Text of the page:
White sponge nevus is a condition characterized by the formation of white patches of tissue called nevi (singular: nevus) that appear as thickened, velvety, sponge-like tissue. The nevi are most commonly found on the moist lining of the mouth (oral mucosa), especially on the inside of the cheeks (buccal mucosa). Affected individuals usually develop multiple nevi. Rarely, white sponge nevi also occur on the mucosae (singular: mucosa) of the nose, esophagus, genitals, or anus. The nevi are caused by a noncancerous (benign) overgrowth of cells.
White sponge nevus can be present from birth but usually first appears during early childhood. The size and location of the nevi can change over time. In the oral mucosa, both sides of the mouth are usually affected. The nevi are generally painless, but the folds of extra tissue can promote bacterial growth, which can lead to infection that may cause discomfort. The altered texture and appearance of the affected tissue, especially the oral mucosa, can be bothersome for some affected individuals.
The exact prevalence of white sponge nevus is unknown, but it is estimated to affect less than 1 in 200,000 individuals worldwide.
Mutations in the KRT4 or KRT13 gene cause white sponge nevus. These genes provide instructions for making proteins called keratins. Keratins are a group of tough, fibrous proteins that form the structural framework of epithelial cells, which are cells that line the surfaces and cavities of the body and make up the different mucosae. The keratin 4 protein (produced from the KRT4 gene) and the keratin 13 protein (produced from the KRT13 gene) partner together to form molecules known as intermediate filaments. These filaments assemble into networks that provide strength and resilience to the different mucosae. Networks of intermediate filaments protect the mucosae from being damaged by friction or other everyday physical stresses.
Mutations in the KRT4 or KRT13 gene disrupt the structure of the keratin protein. As a result, keratin 4 and keratin 13 are mismatched and do not fit together properly, leading to the formation of irregular intermediate filaments that are easily damaged with little friction or trauma. Fragile intermediate filaments in the oral mucosa might be damaged when eating or brushing one's teeth. Damage to intermediate filaments leads to inflammation and promotes the abnormal growth and division (proliferation) of epithelial cells, causing the mucosae to thicken and resulting in white sponge nevus.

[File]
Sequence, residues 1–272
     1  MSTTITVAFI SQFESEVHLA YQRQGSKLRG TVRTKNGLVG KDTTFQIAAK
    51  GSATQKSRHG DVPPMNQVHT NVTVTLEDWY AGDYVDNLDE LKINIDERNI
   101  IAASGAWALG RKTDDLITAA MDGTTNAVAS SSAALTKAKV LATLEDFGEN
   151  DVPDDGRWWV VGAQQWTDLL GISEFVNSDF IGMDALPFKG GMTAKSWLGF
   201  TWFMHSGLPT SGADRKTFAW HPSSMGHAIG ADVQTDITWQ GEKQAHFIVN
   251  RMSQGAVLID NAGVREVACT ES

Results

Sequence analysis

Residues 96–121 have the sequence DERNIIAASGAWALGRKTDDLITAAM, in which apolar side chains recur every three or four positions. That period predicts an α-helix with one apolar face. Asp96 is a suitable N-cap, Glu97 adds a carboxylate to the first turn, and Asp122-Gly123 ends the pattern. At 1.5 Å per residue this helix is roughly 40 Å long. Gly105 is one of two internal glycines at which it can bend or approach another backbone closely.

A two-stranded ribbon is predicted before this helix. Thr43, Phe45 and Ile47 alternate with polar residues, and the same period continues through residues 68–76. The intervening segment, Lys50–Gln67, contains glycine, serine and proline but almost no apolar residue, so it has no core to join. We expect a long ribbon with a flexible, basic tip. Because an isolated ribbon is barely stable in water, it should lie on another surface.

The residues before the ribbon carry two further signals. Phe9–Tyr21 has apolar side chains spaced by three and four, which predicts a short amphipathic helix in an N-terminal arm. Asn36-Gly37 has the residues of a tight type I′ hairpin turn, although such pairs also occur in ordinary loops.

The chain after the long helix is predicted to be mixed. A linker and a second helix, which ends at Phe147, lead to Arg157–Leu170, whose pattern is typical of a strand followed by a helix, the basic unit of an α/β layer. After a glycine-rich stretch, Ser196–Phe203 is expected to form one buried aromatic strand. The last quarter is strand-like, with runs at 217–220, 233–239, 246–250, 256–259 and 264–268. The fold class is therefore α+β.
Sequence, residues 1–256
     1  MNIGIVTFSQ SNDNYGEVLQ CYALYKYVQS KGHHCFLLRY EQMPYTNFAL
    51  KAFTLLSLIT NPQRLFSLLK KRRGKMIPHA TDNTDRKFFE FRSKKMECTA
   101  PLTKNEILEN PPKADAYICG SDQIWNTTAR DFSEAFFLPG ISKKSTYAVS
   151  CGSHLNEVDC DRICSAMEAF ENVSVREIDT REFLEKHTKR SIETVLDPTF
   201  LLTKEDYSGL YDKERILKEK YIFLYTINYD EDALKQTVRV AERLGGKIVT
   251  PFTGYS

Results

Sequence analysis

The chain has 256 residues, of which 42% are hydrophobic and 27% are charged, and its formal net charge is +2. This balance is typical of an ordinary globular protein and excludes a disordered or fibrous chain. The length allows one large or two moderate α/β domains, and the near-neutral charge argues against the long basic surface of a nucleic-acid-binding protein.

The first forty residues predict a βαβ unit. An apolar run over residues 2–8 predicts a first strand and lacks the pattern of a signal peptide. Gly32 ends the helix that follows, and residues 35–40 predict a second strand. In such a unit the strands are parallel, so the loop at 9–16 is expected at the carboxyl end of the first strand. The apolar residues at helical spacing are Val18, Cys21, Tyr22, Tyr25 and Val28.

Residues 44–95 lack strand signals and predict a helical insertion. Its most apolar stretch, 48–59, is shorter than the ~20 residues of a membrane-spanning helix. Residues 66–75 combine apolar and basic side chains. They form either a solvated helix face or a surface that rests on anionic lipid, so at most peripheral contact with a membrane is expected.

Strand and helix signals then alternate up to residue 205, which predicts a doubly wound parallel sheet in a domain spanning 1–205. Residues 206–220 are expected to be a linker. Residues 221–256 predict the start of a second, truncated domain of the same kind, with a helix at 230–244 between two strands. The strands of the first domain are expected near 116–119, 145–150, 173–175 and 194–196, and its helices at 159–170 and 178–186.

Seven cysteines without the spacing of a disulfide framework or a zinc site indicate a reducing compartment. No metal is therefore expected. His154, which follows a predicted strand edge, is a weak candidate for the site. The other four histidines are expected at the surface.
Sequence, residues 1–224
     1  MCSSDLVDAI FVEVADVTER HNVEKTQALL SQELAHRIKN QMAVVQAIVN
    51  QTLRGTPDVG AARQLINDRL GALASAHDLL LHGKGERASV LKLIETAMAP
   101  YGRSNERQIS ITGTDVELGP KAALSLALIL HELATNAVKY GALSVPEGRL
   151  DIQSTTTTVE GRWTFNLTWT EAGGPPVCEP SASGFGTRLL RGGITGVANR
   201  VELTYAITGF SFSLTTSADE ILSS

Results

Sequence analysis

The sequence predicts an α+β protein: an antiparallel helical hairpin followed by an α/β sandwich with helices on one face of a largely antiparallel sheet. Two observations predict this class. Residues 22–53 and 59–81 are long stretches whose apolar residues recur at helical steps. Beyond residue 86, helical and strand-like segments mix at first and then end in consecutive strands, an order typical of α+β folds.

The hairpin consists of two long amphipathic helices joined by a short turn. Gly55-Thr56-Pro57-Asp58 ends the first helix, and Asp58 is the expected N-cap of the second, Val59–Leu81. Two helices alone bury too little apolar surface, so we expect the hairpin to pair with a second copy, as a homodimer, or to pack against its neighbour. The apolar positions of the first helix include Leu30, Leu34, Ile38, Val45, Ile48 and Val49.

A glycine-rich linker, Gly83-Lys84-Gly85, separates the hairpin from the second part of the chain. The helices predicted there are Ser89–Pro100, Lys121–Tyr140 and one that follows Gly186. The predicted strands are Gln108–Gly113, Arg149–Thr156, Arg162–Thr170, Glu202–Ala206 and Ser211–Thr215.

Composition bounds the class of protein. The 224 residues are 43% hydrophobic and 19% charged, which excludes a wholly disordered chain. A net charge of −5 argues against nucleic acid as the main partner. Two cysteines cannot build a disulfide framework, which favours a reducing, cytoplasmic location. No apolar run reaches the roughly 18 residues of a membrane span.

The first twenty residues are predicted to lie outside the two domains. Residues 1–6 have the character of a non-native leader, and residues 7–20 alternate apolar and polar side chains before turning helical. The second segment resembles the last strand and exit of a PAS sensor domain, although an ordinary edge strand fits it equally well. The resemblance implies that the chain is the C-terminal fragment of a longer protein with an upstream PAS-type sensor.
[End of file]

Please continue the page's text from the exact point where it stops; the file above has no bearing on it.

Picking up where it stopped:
This condition is inherited in an autosomal dominant pattern, which means one copy of the altered gene in each cell can be sufficient to cause the disorder. However, some people who have a mutation that causes white sponge nevus do not develop these abnormal growths; this phenomenon is called reduced penetrance.
Other Names for This Condition
- Cannon's disease
- Familial white folded mucosal dysplasia
- Hereditary leukokeratosis
- Hereditary mucosal leukokeratosis
- Hereditary oral keratosis
- Leukokeratosis of oral mucosa
- Leukokeratosis, hereditary mucosal
- Nevus of Cannon
- White folded gingivostomatosis
- White gingivostomatitis
- White sponge naevus
- White sponge nevus of Cannon
- White sponge nevus of mucosa
Additional Information & Resources
Genetic and Rare Diseases Information Center
Scientific Articles on PubMed
- Aghbali A, Pouralibaba F, Eslami H, Pakdel F, Jamali Z. White sponge nevus: a case report. J Dent Res Dent Clin Dent Prospects. 2009 Spring;3(2):70-2. doi: 10.5681/joddd.2009.017. Epub 2009 Jun 5. Citation on PubMed or Free article on PubMed Central
- Kimura M, Nagao T, Machida J, Warnakulasuriya S. Mutation of keratin 4 gene causing white sponge nevus in a Japanese family. Int J Oral Maxillofac Surg. 2013 May;42(5):615-8. doi: 10.1016/j.ijom.2012.10.030. Epub 2012 Nov 24. Citation on PubMed
- Marrelli M, Tatullo M, Dipalma G, Inchingolo F. Oral infection by Staphylococcus aureus in patients affected by White Sponge Nevus: a description of two cases occurred in the same family. Int J Med Sci. 2012;9(1):47-50. Epub 2011 Nov 18. Citation on PubMed or Free article on PubMed Central
- Martelli H Jr, Pereira SM, Rocha TM, Nogueira dos Santos PL, Batista de Paula AM, Bonan PR. White sponge nevus: report of a three-generation family. Oral Surg Oral Med Oral Pathol Oral Radiol Endod. 2007 Jan;103(1):43-7. Epub 2006 Sep 1. Citation on PubMed
- Nishizawa A, Nakajima R, Nakano H, Sawamura D, Takayama K, Satoh T, Yokozeki H. A de novo missense mutation in the keratin 13 gene in oral white sponge naevus. Br J Dermatol. 2008 Sep;159(4):974-5. doi: 10.1111/j.1365-2133.2008.08716.x. Epub 2008 Jul 4. Citation on PubMed
- Rugg E, Magee G, Wilson N, Brandrup F, Hamburger J, Lane E. Identification of two novel mutations in keratin 13 as the cause of white sponge naevus. Oral Dis. 1999 Oct;5(4):321-4. Citation on PubMed
- Shibuya Y, Zhang J, Yokoo S, Umeda M, Komori T. Constitutional mutation of keratin 13 gene in familial white sponge nevus. Oral Surg Oral Med Oral Pathol Oral Radiol Endod. 2003 Nov;96(5):561-5. Citation on PubMed
- Songu M, Adibelli H, Diniz G. White sponge nevus: clinical suspicion and diagnosis. Pediatr Dermatol. 2012 Jul-Aug;29(4):495-7. doi: 10.1111/j.1525-1470.2011.01414.x. Epub 2012 Feb 22. Review. Citation on PubMed
- Zhang JM, Yang ZW, Chen RY, Gao P, Zhang YR, Zhang LF. Two new mutations in the keratin 4 gene causing oral white sponge nevus in Chinese family. Oral Dis. 2009 Jan;15(1):100-5. doi: 10.1111/j.1601-0825.2008.01498.x. Epub 2008 Oct 25. Citation on PubMed